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congressional district. His ethics issues stem from illegally soliciting excessive contributions and using campaign funds for personal expenses. Improper Solicitation of Funds In 2012, in the wake of redistricting, incumbent Reps. Adam Kinzinger (R-IL) and Don Manzullo (R-IL) competed in a hotly contested primary to represent Illinois’ 16th District. 1 The Campaign for Primary Accountability (CPA), a super PAC dedicated to removing incumbents from office, targeted Rep. Manzullo during the primary. 2 According to the Federal Election Commission (FEC), the CPA spent a total of $224,532 on mailings, online advertising, and TV and radio ads opposing Rep. Manzullo. 3 Rep. Schock endorsed Rep. Kinzinger. 4 On March 15, 2012, Rep. Schock asked House Majority Leader Eric Cantor (R-VA), who had also publicly endorsed Rep. Kinzinger, if he would contribute to an organization supporting Rep. Kinzinger’s bid. 5 According to Rep. Cantor’s campaign spokesperson, Rep. Schock said he planned to give $25,000 to the CPA to be used to benefit Rep. Kinzinger, and asked Rep. Cantor, “Can you match that?” 6 Rep. Cantor replied “Absolutely.” 7 On March 16, 2012, Rep. Cantor’s leadership PAC, Every Republican Is Crucial, contributed $25,000 to the CPA. 8 In an email to Roll Call, a spokesman for Rep. Schock said he had “vetted the question through an attorney specializing in FEC compliance beforehand” and was told the solicitation would be legal. 9 On March 20, 2012, Rep. Kinzinger defeated Rep. Manzullo in the primary by 12 points. 10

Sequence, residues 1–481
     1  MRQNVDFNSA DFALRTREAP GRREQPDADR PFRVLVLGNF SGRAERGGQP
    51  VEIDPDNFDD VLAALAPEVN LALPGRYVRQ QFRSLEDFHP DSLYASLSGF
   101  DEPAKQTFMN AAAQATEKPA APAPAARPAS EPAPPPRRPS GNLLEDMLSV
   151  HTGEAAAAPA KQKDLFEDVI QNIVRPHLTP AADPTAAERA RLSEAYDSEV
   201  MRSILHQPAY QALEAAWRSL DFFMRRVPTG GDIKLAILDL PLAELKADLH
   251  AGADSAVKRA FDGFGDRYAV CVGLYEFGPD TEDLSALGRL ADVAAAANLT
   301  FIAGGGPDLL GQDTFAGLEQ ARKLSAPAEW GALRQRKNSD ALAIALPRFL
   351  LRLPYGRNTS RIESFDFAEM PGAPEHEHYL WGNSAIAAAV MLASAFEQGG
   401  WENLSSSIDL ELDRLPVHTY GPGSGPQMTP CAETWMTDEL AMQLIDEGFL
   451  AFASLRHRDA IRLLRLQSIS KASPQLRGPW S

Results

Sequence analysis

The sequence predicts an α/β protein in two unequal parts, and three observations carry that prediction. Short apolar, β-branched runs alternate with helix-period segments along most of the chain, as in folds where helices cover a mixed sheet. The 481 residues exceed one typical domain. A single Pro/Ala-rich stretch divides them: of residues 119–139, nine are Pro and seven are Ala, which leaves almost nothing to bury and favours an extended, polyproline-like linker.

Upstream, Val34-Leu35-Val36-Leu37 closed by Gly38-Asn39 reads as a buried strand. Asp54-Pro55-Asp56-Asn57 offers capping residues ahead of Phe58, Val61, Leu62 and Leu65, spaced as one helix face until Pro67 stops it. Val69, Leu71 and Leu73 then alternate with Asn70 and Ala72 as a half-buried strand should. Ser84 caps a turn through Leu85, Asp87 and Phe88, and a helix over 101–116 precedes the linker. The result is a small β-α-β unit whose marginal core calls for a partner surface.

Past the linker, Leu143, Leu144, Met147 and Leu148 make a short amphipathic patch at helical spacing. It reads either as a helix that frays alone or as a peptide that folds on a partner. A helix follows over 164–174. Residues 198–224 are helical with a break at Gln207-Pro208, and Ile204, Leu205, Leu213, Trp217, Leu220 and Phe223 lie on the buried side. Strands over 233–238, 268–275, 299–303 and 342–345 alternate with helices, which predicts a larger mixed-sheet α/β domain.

David Catenese, Tea Party Backs Veteran Illinois Politician in House Race, Politico, March 20, 2012. Kim Geiger, Ill. Primary: Freshman Congressman Knocks Off Veteran in GOP Battle, Los Angeles Times, March 21, 2012. 3 Campaign for Primary Accountability Inc., FEC Form 3X, 2012 April Monthly Report, April 20, 2012. 4 David Catanese, Schock for Kinzinger, Politico, February 27, 2012. 5 John Stanton, Eric Cantor Gave $25K to Anti-Incumbent PAC to Aid Adam Kinzinger, Roll Call, April 6, 2012. 6 Id. 7 Id. 8 Campaign for Primary Accountability Inc., FEC Form 3X, 2012 April Monthly Report, April 20, 2012. 9 John Stanton, Aaron Schock’s Office Insists Super PAC Solicitation Was Legal, Roll Call, April 11, 2012. 10 Chris Cillizza, Rep. Kinzinger Beats Rep. Manzullo in Illinois, Washington Post, March 21, 2012.